As I move further into middle age and get back into shooting, I'm finding that I'm rapidly acquiring all the firearms I lusted after as a teenager and college student but could not afford. Always wanted a Weatherby--bam, a Mark V is on the way. (And I've already posted about that.) Another rifle I was quite fond of was the Ruger M77. My cousin had a heavy barrel varmint M77 chambered in 220 Swift. I was into handloading back then and I used to load his brass for him because in the mid and late 70s it was almost impossible to find commercially loaded 220 Swift. His M77 was an early version, the one with the tang safety. It was a joy to shoot, and if you've never experienced the sound of 220 Swift muzzle blast, it's quite intoxicating.
As with the Weatherby, I said to myself back then that one day I'd get a M77. So last week I picked up a well used, but very well cared for Ruger M77 Mark II in 30-06. This was an auction buy and the gun arrived today. I was a bit disappointed when I unwrapped the bolt and immediately noticed a recessed bolt face just like the original M77 had. Hmmm. So I did a little more research and as it turns out the fist Mark IIs were not controlled feed. The only change made to the bolt over the first model M77s was the switch to a blade type ejector (Mauser type). Ruger made the switch to controlled feed as a running production change. And since my M77 is one of the very first Mark IIs, it's not controlled feed. Oh, well.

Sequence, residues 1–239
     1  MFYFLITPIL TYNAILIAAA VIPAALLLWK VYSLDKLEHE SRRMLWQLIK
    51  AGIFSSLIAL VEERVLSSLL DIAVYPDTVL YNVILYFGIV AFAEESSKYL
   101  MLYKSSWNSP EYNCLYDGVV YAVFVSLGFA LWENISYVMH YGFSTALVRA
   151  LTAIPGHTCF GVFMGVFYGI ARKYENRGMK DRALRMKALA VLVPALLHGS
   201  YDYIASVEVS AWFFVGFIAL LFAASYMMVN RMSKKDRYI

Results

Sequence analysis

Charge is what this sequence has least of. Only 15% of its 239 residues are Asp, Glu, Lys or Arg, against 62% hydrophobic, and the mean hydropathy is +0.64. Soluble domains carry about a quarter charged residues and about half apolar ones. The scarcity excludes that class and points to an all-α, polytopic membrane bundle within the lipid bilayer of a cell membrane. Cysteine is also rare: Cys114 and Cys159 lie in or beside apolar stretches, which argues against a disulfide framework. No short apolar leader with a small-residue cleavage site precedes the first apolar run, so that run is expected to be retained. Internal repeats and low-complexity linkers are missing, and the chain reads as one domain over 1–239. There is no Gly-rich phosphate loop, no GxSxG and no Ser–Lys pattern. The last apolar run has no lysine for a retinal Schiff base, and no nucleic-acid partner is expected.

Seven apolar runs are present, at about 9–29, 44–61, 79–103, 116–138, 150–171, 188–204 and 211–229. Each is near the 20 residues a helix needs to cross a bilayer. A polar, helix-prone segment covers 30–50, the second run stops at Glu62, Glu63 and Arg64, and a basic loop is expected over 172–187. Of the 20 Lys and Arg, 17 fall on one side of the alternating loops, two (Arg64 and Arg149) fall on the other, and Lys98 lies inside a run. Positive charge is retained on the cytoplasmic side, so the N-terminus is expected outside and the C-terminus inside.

The M77 was Bill Ruger's attempt to create a classic America rifle that embodied the function and features that hunters and riflemen had loved about the pre-64 Winchester Model 70. Most of the improvements that were introduced with the Mark II iteration (including the eventual move to controlled feed) were designed to further that goal. And whether or not you think comparing the M77 to the quintessential rifleman's rifle is heresy, there is no denying that the M77 has earned its place in the pantheon of great rifles. I'm glad I finally have one.